By Ranga Kalansooriya –
The singing of National Anthem in Tamil language not only brought tears into the eyes of many Sri Lankans – irrespective of their ethnicities – but redrafted the history of Sri Lanka and turned a new chapter in its future discourse.
The brave step of President Maithri and Prime Minister Wickremesinghe did not spark anticipated backfires from the ultra-nationalistic movements, as I read it, except for some petty remarks by the Rajapaksa camp entirely driven by the political agendas. There were a significant number of references in the social media but the discourse by and large was healthy and constructive. According to a rough survey conducted by the Presidential Secretariat Media Unit almost half the respondents have liked the move. Thanks should go to JVP and other political forces who had a good vision and explanation on the issue.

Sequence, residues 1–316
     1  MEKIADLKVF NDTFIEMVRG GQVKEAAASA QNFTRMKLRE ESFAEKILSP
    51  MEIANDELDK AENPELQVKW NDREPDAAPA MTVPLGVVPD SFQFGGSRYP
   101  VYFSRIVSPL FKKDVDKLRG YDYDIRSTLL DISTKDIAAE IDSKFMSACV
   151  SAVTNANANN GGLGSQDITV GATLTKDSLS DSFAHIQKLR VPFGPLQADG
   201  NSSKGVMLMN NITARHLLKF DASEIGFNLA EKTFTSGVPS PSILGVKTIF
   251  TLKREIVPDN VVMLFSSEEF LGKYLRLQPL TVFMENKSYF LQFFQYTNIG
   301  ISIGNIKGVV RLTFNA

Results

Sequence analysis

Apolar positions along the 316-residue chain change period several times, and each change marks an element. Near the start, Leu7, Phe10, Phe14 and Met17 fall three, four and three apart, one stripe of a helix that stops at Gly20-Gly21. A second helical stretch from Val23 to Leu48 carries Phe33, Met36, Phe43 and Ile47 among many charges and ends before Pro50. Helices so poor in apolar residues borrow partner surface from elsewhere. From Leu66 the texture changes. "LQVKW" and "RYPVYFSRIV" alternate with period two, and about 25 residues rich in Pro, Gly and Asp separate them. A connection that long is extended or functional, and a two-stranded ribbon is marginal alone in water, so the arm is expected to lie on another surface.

However, the traditional media again was not picking it up in a pragmatic manner despite its usual stereotype reporting of political statements while some media houses adopting to its usual rhetoric and ultra-nationalistic angle.
Take for instance the unscheduled visit by the Northern Chief Minister Wigneswaran to Naga Vihara in Jaffna and his historic statement “If Sinhalese take one step forward – the Tamils are ready to ten steps.” How far the Colombo centric Sinhala media captured this thought and conveyed it to its readership? On the other hand did we manage to convince the international community through our communication channels that the government took an extra step in the gigantic path of reconciliation? I am not sure. Nonetheless, Rajapakse and his vociferous parrots were on many television screens criticizing the move. Media, too is driven by petty communal politics as it happened for over six decades since independence.
In fact this petty political agenda – whoever it could be – was the root cause behind the entire story of ethnic tension. The story of political maneuvering in fueling the ethnic conflict was a clear feature since independence.